The year was 1976. With the Arab oil embargo of 1973-74 fresh in our memories, Ford introduced a car smaller than the compact Pinto and Maverick: the Ford Fiesta.
Designed in Dearborn, Mich., and built in Germany, the Fiesta was a three-door, front-wheel-drive subcompact, about the same size as a modern-day Mini Cooper.
The car featured a 66-horsepower, 1.6-liter, four-cylinder engine.
In 1980, the car was replaced in the United States by the Ford Escort, but continued to be sold in Europe.
With the 2011 model, which goes on sale a year from now, Ford is bringing the Fiesta back to the States.
The reintroduction is Ford's attempt to capture a larger share of the gas-conscious market with an automobile that is strong on mileage and style.
In Europe, the car has been showered with accolades from Top Gear, Car and Driver and AutoWeek magazines. Britain's What Car? Magazine named the Fiesta its 2009 Car of the Year.
A panel of 28 international designers bestowed the vehicle with the Red Dot international design award; previous winners include the Maserati Quattroporte, Mercedes-Benz R-Class and Lamborghini Murcielago Roadster.
That's heady company for a subcompact. But with the Fiesta, Ford has mixed brilliant design with above-average road manners.
"In the past, we've always treated small cars like econo-boxes, and this car just changes it completely," said Moray Callum, executive director for Ford Motor Co.'s American design.
"We thought people were going to be more conservative with smaller cars, but we found out that people want something more exciting. That's very refreshing."
Callum admits having a smaller area to work with made creating a distinctive design more difficult, but Ford designers have accomplished that. The Fiesta's kinetic exterior looks as though it's made from a solid chunk of carved steel.
At 13 feet long, it's slightly longer than a Chevrolet Aveo5 and 10 inches longer than a Mini Cooper but a half-foot shorter than a Honda Fit and a couple inches shorter than a Kia Rio or Hyundai Accent.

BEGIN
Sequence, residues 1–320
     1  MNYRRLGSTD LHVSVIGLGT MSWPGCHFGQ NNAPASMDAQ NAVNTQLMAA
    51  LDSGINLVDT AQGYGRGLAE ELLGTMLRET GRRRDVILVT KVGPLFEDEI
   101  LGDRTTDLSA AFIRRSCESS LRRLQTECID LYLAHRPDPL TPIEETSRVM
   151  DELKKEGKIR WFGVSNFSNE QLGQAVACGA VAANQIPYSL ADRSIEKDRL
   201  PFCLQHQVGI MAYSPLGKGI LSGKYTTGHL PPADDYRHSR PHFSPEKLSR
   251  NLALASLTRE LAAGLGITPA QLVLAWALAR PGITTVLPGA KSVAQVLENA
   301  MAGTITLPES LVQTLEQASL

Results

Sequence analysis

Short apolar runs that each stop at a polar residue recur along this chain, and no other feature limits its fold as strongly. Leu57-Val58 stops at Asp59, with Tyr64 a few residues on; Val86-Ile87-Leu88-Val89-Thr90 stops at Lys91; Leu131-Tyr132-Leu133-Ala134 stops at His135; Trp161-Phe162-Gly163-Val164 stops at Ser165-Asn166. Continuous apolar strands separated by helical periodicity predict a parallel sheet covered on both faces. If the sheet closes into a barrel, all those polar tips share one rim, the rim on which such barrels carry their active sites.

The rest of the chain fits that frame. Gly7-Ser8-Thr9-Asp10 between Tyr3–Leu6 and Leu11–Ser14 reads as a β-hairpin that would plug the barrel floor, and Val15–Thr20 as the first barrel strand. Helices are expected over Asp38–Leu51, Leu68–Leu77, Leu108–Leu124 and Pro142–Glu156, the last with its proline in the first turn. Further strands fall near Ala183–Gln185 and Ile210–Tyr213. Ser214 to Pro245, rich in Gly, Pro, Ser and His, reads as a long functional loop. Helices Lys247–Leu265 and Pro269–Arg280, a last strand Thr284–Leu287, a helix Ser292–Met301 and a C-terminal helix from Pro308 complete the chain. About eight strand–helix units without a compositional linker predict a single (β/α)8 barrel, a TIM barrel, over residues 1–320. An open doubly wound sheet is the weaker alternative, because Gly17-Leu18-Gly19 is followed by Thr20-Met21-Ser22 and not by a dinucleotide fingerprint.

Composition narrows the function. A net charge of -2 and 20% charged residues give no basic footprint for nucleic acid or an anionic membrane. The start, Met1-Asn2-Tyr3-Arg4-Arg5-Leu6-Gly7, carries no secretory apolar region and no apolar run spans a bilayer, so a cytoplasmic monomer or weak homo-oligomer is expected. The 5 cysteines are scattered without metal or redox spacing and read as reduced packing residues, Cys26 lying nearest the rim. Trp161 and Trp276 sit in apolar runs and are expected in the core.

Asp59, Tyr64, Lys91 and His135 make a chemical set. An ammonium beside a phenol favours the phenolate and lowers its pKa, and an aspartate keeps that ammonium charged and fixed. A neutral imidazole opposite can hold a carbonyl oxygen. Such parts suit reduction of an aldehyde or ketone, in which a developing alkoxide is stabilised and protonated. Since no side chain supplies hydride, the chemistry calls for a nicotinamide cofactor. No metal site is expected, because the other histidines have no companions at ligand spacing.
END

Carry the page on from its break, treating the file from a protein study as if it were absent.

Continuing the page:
Yet the Fiesta's roomy cabin feels larger than its numbers suggest, offering seating for four and 10.5 cubic feet of cargo space, which expands to 35.6 cubic feet with the rear seats folded.
Beyond its roominess, the Fiesta's interior sports an instrument panel as sculpted as its exterior. The center stack features a cluster of buttons that resembles a cell phone keypad.
They control the car's communications, including audio, navigation and cell phone. Microsoft Sync, which allows for voice control of those functions, is optional. Farther down are three climate-control knobs, and their distinctive design makes them easy to identify. Although Europeans get a long list of engines to choose from, U.S. customers will be offered only a 118-horsepower, 1.6-liter, four-cylinder engine. The engine has more than enough power for a car of this size.
Callum said the car returned fuel economy in the 40-mpg range, although the EPA has yet to certify the number.
A quick preview drive recently during the New York International Auto Show revealed the car to have crisp steering, a tight turning radius and a nimble, enthusiastic feel. It's always ready to play, like a frisky puppy.
Ride quality is good, as is bump absorption. The cabin is fairly quiet.
Threading through Manhattan traffic proved easy, thanks to the Fiesta's combination of small size, confident handling and adequate power.
This little grocery-getter is a blast to drive and proves an American car company can build a great small car -- even if it is built somewhere else.
-- Associated Press
Every day is a party in this car
Pro: Big car features, great handling
Con: Some expected cheap plastics
Engine: 1.6-liter four-cylinder
Length: 156 inches
Weight: 2,467 pounds
Cargo space: 10.5-35 cubic feet
Fuel economy: 40 mpg (estimated)
Fuel type: Regular unleaded
Base price: TBA
Competitors: Chevrolet Aveo5, Honda Fit; Hyundai Accent, Kia Rio, Mini Cooper, Nissan Venza, Toyota Yaris, Volkswagen Golf